The Port Phillip and Western Port region covers around 1.28 million hectares, or 5.5 per cent of Victoria. Most of the land in the region can be described as rural or urban, though the urban-rural fringe is a significant part of the region where catchment management issues are often emphasised.
Around 83 per cent of the region is rural including the upper catchment areas, water supply catchments, agricultural areas and green wedges. Much of the region’s natural resource production comes from rural areas, including food, water, timber and minerals.
Rural areas also provide habitat for native species, recreational sites, protected natural areas and scenic landscapes.
The urban area of Melbourne currently covers around 215,000 hectares or 17 per cent of the region. It contains 3.5million people as well as the infrastructure, open space and natural areas that they need. By 2030, the population is forecast to grow by a further one million people which will naturally see a conversion of some of rural land to urban use in the next 30 years.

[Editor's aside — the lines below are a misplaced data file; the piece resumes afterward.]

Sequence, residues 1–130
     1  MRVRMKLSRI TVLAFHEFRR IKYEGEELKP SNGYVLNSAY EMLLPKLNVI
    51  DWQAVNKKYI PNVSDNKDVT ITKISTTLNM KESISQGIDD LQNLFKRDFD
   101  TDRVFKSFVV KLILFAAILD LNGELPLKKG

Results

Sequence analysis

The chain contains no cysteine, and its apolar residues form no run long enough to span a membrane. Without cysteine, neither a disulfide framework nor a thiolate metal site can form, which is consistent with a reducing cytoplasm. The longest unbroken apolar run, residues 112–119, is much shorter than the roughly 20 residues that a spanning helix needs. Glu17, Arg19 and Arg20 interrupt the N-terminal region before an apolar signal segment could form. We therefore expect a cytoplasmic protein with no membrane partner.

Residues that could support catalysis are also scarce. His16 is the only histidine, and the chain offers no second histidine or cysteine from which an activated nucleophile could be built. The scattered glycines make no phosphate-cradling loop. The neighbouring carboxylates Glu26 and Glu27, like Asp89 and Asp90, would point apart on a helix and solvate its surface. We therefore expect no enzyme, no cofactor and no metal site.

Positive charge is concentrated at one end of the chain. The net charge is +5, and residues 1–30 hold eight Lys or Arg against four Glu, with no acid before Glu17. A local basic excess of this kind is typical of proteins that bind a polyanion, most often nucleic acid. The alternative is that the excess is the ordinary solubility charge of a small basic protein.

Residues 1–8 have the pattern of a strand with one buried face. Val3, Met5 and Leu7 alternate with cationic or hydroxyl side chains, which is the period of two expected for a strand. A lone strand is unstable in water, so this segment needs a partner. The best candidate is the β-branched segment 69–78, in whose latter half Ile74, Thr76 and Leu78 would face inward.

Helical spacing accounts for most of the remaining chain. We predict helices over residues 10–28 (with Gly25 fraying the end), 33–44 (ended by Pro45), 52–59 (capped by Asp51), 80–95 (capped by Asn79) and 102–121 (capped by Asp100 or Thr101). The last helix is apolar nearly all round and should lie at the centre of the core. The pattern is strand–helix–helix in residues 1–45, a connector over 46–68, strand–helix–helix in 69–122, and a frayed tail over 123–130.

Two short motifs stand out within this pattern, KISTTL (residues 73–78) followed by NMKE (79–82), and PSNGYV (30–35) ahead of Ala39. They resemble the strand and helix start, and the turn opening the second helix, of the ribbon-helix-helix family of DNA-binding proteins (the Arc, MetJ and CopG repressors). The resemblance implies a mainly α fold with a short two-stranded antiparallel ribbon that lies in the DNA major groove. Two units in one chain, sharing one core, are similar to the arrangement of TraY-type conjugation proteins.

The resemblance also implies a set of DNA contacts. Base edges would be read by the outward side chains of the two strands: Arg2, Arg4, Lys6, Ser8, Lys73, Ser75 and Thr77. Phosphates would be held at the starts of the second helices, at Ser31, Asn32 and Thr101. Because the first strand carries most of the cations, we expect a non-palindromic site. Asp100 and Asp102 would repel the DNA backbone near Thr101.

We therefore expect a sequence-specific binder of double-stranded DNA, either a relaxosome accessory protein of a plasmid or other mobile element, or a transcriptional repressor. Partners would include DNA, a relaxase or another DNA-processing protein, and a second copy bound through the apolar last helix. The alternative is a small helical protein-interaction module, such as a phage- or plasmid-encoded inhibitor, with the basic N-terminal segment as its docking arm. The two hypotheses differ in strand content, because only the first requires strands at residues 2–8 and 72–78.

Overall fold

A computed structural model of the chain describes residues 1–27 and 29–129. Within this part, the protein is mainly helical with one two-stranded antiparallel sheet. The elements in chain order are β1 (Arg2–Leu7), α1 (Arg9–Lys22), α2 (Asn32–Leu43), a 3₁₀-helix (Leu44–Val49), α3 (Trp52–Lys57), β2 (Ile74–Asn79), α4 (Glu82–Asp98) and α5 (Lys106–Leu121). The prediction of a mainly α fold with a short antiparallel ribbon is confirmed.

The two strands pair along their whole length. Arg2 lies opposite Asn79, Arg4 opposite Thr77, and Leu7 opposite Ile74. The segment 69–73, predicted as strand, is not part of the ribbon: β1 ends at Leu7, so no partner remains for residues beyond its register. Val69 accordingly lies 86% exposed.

The rural and urban land in the region includes around 300,000 hectares of public land – a network of eight national parks, six state parks and numerous regional, metropolitan and local parks, conservation reserves and coastal reserves, historic and cultural sites, road reserves and waterways. The parks include the closed catchments that supply Melbourne’s water. Other areas supply timber and other forestry products. Social and environmental benefits of public land and open space include opportunities for recreation, tourism, nature conservation and protection of biodiversity, culture and heritage.
A range of legislation and supporting policies apply to the management of land in the region and support integrated catchment management. These include: The Planning and Environment Act 1987, Environment Protection Act 1970, the Catchment and Land Protection Act 1994, the Water Act 1989 and the Coastal Management Act 1995. Finding the balance between human need and environmental sustainability is one of the primary challenges faced by the Port Phillip and Westernport CMA and its partners as the population, and threats to our natural resources, grows.